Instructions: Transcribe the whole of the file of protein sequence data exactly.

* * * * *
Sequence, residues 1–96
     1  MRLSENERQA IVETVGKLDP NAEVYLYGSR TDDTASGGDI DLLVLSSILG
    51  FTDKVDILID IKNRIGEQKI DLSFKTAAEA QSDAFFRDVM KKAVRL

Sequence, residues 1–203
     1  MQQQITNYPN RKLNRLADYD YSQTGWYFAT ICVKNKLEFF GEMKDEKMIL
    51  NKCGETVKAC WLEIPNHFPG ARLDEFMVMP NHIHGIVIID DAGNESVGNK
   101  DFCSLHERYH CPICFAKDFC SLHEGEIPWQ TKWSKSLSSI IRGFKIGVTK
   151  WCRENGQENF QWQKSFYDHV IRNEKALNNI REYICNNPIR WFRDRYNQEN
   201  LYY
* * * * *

Sequence, residues 1–96
     1  MRLSENERQA IVETVGKLDP NAEVYLYGSR TDDTASGGDI DLLVLSSILG
    51  FTDKVDILID IKNRIGEQKI DLSFKTAAEA QSDAFFRDVM KKAVRL

Sequence, residues 1–203
     1  MQQQITNYPN RKLNRLADYD YSQTGWYFAT ICVKNKLEFF GEMKDEKMIL
    51  NKCGETVKAC WLEIPNHFPG ARLDEFMVMP NHIHGIVIID DAGNESVGNK
   101  DFCSLHERYH CPICFAKDFC SLHEGEIPWQ TKWSKSLSSI IRGFKIGVTK
   151  WCRENGQENF QWQKSFYDHV IRNEKALNNI REYICNNPIR WFRDRYNQEN
   201  LYY